Date of Award
Master of Science
Department of Electrical and Computer Engineering
Michael A. Temple, PhD
Results for modeling, simulation, and analysis of interference effects that modern wideband signals have on existing narrowband radar system performance are presented. In particular, radar detection performance is characterized using a basic radar receiver model and operational parameters consistent with those of the ARSR-4 air route surveillance radar. Two modern wideband signals (interferers) are addressed in this work, including the GPS military signal (M-Code signal) and a direct sequence ultra wideband (DS-UWB) waveform meeting outdoor emission restrictions imposed by the Federal Communications Commission (FCC). Interference effects are characterized for an unmodulated sinusoidal pulse as well as linear frequency modulated (LFM) and bi-phase Barker coded pulse compression waveforms. Finally, coherent pulse integration is addressed and interference mitigation demonstrated via improved detection performance. Worst case detection scenarios from the radar's perspective are considered for all cases. M-Code interference results indicate that at proposed received power levels of -160 to -130 dBW, radar detection performance is severely degraded with expected improvement occurring when pulse integration is employed. DS-UWB interference results indicate that at maximum transmit power levels specified by the FCC, the DS-UWB waveform has minimal impact on detection performance for radar receiver/UWB transmitter separation distances beyond 0.5 meters. This separation distance is reduced further when pulse integration is employed. (8 tables, 42 figures, 25 refs.)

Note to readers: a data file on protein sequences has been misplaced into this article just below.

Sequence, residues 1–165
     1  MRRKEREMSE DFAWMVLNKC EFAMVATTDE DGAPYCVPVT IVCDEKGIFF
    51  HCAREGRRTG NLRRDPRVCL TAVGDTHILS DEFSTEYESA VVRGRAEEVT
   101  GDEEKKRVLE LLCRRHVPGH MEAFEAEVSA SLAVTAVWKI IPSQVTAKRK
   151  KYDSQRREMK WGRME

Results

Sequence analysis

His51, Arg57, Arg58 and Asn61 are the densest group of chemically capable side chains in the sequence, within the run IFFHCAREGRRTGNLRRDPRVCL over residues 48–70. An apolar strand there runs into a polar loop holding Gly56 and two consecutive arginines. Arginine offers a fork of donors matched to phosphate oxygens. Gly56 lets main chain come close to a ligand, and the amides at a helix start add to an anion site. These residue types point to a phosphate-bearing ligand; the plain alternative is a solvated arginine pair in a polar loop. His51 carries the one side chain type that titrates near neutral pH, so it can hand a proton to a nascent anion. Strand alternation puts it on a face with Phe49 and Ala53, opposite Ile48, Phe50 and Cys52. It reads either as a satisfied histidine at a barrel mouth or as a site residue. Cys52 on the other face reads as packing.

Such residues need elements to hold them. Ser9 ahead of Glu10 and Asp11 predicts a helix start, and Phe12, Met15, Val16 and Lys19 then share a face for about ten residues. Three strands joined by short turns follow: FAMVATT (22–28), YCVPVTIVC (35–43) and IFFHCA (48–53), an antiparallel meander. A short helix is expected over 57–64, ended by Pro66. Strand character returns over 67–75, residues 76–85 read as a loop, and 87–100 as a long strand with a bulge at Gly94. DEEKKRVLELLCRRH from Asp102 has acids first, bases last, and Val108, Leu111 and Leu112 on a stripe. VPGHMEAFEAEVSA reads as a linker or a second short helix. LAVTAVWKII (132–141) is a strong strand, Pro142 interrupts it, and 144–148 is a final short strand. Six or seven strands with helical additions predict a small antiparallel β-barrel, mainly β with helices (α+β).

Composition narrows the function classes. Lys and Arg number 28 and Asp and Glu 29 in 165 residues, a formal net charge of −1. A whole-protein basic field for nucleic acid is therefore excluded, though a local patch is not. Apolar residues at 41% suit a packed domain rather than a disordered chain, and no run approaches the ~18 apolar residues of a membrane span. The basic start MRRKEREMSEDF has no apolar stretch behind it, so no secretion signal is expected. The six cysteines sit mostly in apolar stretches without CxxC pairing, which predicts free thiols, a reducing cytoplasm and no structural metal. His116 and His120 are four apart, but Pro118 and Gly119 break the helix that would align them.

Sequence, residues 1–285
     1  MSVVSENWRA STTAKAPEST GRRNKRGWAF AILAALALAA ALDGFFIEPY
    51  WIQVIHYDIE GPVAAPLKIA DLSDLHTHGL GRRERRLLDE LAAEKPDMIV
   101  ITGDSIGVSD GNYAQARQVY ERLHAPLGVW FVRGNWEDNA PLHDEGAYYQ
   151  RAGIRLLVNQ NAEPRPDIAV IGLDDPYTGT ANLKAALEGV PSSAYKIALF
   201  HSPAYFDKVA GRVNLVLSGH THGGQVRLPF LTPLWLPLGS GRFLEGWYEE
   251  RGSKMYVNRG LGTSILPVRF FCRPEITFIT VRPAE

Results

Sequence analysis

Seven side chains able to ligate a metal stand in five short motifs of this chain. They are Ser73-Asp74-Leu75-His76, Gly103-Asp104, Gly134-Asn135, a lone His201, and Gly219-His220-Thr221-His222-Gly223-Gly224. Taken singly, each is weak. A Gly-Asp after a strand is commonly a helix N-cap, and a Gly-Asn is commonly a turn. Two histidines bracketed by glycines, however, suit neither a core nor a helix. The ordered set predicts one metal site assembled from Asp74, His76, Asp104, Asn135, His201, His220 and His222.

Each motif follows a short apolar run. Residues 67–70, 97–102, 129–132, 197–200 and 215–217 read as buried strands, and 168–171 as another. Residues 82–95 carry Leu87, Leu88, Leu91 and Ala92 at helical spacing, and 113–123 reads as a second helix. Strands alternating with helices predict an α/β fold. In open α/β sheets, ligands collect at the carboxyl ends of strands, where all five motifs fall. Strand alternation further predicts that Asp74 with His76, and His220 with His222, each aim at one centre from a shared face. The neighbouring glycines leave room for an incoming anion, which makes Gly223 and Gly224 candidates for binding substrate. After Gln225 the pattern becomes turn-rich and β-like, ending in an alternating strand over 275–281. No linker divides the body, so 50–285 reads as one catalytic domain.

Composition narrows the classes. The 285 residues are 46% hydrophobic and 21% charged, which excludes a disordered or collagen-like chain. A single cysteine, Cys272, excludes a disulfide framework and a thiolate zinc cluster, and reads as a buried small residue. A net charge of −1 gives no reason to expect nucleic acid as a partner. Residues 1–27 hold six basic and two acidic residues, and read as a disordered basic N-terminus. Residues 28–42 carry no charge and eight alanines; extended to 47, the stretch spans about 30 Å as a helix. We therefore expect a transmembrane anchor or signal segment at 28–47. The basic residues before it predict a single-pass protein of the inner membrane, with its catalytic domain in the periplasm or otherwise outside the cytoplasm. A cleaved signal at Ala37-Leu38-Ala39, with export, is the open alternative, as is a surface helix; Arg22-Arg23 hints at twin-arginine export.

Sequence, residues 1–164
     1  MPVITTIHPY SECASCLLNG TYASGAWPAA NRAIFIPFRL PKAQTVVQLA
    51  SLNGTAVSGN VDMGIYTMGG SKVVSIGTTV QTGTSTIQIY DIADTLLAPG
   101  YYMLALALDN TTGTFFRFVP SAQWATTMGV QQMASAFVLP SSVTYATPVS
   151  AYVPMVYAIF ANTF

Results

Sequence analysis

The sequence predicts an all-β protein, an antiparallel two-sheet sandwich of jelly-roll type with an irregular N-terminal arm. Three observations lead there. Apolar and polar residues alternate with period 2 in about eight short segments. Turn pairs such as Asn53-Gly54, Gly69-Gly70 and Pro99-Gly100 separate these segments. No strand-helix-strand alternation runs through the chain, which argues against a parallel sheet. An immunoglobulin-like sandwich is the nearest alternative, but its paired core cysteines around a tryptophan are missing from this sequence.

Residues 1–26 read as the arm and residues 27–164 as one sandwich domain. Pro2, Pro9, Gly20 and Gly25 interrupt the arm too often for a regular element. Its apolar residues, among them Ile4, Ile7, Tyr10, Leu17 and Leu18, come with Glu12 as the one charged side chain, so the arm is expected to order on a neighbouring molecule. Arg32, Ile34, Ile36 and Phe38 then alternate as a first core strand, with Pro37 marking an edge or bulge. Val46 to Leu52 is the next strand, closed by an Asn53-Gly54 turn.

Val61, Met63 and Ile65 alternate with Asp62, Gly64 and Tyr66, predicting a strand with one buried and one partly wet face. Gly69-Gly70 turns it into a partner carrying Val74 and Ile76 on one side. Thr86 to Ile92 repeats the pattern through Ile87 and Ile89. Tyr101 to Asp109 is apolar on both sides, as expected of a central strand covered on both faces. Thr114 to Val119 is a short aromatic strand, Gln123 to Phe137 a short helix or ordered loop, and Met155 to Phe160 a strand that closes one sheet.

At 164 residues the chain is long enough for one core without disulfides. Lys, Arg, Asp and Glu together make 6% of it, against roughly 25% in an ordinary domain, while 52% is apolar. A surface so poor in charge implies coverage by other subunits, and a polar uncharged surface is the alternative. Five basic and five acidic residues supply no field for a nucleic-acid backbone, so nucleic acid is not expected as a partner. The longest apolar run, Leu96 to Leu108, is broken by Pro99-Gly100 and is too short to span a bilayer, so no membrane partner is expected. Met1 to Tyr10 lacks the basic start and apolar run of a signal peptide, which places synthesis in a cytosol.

DTIC Accession Number
Backscheider, Robert J., "Ultra Wide Band Signal Modeling for Radar Receiver Characterization" (2004). Theses and Dissertations. 3859.